Rakhiphool Kankan : The common passion flower, twining its way in beautifully turned delicate filigree, with each of the chhela rakhiphool guarded by two large frosted leaves . The fern-like fronds replicate the vine's vigorous tendrils and we see a large opening bud between the flower-and-leaf clusters. Edging the kankan is a plain polished line of the plant's ovoid fruit, cut in half, with a little gathering of gold seeds to crown them - Painstakingly handcrafted in lustrous 22K yellow…

Suhrita  Classically beautiful, charming, elegant, sophisticated, brilliant in her work, pleasing by disposition, modern yet steeped in rich traditions, powerful but nobly so, fiercely independent, one-of-a-kind. And that's not the necklace, it's Suhrita Majumdar, whose very embodiment, of course, you'll find in this rare ornament of her design. Suhrita made this pearl and guinea-gold suite of jewels for her daughter's Annaprasan. It's a special ornament to mark a historic event in her life.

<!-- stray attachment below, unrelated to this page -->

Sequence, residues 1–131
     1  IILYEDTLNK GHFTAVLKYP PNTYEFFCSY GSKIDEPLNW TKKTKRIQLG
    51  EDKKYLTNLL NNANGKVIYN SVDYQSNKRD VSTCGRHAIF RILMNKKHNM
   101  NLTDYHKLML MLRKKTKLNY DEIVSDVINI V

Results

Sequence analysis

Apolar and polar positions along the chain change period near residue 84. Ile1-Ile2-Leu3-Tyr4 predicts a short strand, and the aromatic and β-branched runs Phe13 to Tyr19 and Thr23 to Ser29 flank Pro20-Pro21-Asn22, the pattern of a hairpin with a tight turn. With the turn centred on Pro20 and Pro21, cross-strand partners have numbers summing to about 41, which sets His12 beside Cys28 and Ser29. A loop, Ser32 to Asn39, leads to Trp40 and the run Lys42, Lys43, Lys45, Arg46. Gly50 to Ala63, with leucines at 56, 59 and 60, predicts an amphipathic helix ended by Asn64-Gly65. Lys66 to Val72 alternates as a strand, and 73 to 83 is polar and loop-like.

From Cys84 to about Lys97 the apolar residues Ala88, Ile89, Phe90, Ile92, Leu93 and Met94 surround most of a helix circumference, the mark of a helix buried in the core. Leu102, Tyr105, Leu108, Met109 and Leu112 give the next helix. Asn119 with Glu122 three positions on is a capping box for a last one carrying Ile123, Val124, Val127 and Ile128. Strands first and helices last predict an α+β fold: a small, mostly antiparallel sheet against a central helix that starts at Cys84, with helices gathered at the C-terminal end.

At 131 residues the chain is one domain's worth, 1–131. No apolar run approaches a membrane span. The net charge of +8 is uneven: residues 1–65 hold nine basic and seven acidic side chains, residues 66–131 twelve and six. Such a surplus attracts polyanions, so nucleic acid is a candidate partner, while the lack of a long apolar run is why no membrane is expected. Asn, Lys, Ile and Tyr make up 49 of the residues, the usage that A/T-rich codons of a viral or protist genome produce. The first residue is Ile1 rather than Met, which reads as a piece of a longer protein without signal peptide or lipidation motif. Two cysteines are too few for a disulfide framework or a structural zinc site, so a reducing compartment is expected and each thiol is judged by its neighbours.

Suhrita Classically beautiful, charming, elegant, sophisticated, brilliant in her work, pleasing by disposition, modern yet steeped in rich traditions, powerful but nobly so, fiercely independent, one-of-a-kind. And that's not the necklace, it's Suhrita Majumdar, whose very embodiment, of course, you'll find in this rare ornament of her design. Suhrita made this pearl and guinea-gold suite of jewels for her daughter's Annaprasan. It's a special ornament to mark a historic event in her life.

Festival Necklace:  A glorious cascade necklace with thirteen differentiated rows of chains (signifying the "Tero Parbon", or thirteen festivals, of the Bengalis) that are detachable in parts and can be worn separately as three individual neck-pieces.   The jhumka steps also hide a link that enables the whole ornament to become smaller so that it can be worn close around the neck.

Festival Necklace: A glorious cascade necklace with thirteen differentiated rows of chains (signifying the "Tero Parbon", or thirteen festivals, of the Bengalis) that are detachable in parts and can be worn separately as three individual neck-pieces. The jhumka steps also hide a link that enables the whole ornament to become smaller so that it can be worn close around the neck.